All of this is necessary as you send your goblins on exploration missions. Six of them can hit the road together at any time, bringing with them an array of weapons and their unique abilities. These abilities are purely for combat; once you start exploring an area it’s a linear expedition in which you just go along, picking the occasional fork, until you clear the map or all of your goblins die in battle.

Battles are, thus, the main focus of this exploration. These are turn-based, with your forces on the left and the enemy on the right. While each party is in a line, it’s a line of who gets to act next; once someone acts, they are moved to a later point on the line, with actions moving them a certain number of pips back rather than costing an arbitrary resource. Each character gets one weapon ability and a couple of random abilities selected from your chosen skill setup back at the base, which allows you control over the loadout but means you cannot reliably set up perfect and unfailing combinations at every juncture.

You can, of course, lose goblins on these expeditions. When a goblin is brought to 0 HP or below, they get a permanent debuff halving their life total; getting brought that low again on a single run will kill them and send their soul to your base. So there’s a risk and reward at play.

None of this ever feels tremendously engaging, I have to admit. It’s all just complex enough that it feels like you have options for customization without ever feeling deeply engaging, but that seems to be about where it’s aiming at. It also never feels overcomplicated or bothersome. It’s a good gameplay loop for short sessions of a couple expeditions followed by changing gears, but since there’s a lot to be done to build your warren, that’s not going to be too onerous a task.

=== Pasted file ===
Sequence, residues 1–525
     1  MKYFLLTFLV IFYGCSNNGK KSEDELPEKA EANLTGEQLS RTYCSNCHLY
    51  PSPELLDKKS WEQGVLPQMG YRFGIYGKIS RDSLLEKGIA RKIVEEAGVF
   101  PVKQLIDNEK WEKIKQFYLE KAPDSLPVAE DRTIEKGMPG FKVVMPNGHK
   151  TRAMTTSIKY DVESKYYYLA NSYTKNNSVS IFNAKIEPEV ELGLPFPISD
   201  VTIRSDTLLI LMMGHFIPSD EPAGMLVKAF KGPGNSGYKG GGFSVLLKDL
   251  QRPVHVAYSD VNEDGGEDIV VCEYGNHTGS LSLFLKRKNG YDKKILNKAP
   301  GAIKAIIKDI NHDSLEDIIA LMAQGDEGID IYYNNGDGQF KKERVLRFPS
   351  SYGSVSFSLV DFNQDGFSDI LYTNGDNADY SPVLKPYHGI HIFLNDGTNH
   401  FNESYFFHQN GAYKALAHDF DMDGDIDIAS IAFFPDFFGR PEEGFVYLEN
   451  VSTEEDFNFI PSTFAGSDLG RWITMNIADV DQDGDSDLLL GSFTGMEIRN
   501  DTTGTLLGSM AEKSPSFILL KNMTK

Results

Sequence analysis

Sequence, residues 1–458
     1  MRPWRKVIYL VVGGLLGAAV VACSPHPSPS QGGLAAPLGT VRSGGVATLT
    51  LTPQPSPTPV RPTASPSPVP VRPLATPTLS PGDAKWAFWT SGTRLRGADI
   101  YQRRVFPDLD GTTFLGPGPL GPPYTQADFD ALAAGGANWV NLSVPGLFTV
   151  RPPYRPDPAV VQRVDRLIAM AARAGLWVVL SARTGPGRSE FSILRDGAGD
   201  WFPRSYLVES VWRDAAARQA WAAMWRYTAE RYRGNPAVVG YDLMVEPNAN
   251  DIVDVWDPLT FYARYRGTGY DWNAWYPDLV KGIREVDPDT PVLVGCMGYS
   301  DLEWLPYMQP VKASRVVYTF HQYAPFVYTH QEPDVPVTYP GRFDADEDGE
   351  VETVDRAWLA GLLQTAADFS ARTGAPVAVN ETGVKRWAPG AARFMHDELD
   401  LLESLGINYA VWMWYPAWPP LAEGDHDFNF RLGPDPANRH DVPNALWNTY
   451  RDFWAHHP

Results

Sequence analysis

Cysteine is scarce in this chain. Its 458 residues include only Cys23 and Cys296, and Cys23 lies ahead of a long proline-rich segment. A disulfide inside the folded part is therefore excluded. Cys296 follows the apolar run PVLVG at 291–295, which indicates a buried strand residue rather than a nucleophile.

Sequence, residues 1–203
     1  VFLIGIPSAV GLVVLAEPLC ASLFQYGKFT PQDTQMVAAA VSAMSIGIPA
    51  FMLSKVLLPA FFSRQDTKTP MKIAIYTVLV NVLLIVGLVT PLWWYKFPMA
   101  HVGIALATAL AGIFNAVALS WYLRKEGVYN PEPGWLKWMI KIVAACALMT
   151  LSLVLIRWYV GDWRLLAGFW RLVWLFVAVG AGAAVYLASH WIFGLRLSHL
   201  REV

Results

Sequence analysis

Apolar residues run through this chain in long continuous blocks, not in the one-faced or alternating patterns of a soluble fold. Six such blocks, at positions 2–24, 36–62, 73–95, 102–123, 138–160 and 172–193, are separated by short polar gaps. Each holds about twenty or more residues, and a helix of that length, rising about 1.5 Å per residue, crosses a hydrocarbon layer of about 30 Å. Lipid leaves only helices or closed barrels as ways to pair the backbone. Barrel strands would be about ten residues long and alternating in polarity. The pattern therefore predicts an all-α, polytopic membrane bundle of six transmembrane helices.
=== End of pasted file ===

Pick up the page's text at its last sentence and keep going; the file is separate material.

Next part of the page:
The game uses a sort of zoomed-out low-detail 3D render that, when viewed at the right angle, allows for a lot of individual detail without too many custom sprites. It looks like it’s all sprite work when it works right, though, which is nice. Unfortunately, there are lots of moments where the zoom or animations breaks that illusion, at which point it starts looking not good again… but if you’re lucky, those are just momentary diversions.

What works far better is the game’s sound design, which is actually subtly perfect. Bags pull open with an oddly warm and welcoming noise, the sound of footsteps is soothing, little background details feel immersive, and between the sound design and the excellent narration it really helps you just lose yourself in the tableau being set before you. The music kind of fades into the background, but that’s clearly what it is trying to do.


If you look at Goblin Stone one way, it’s a kind of all right base-builder with a kind of all right roguelike exploration loop and a kind of all right class management system. That’s a lot of “all right” in one place. However, it is hardly the first game in the world to bet that if you do everything mostly well, even if you don’t do anything really well, it’s enough to make the game fun to play and to keep people entertained.

And in this case, I think it sort of works.

The game is, on some level, Darkest Dungeon with lower stakes and featuring a group of weird little dudes instead of psychological torture. But they’re fun weird little dudes and you get invested in playing with them. If the basic gameplay loop sounds like fun, yeah, you’ll have to force past some occasional graphical weirdness and some interfaces that aren’t ideal, but there is a legitimately fun and compelling game on the other side. So while it doesn’t really nail the landing for full points, it doesn’t stumble on the dismount, either.

~ Final Score: 7/10 ~

Review copy provided by Orc Chop Games for PC. All screenshots courtesy of Orc Chop Games.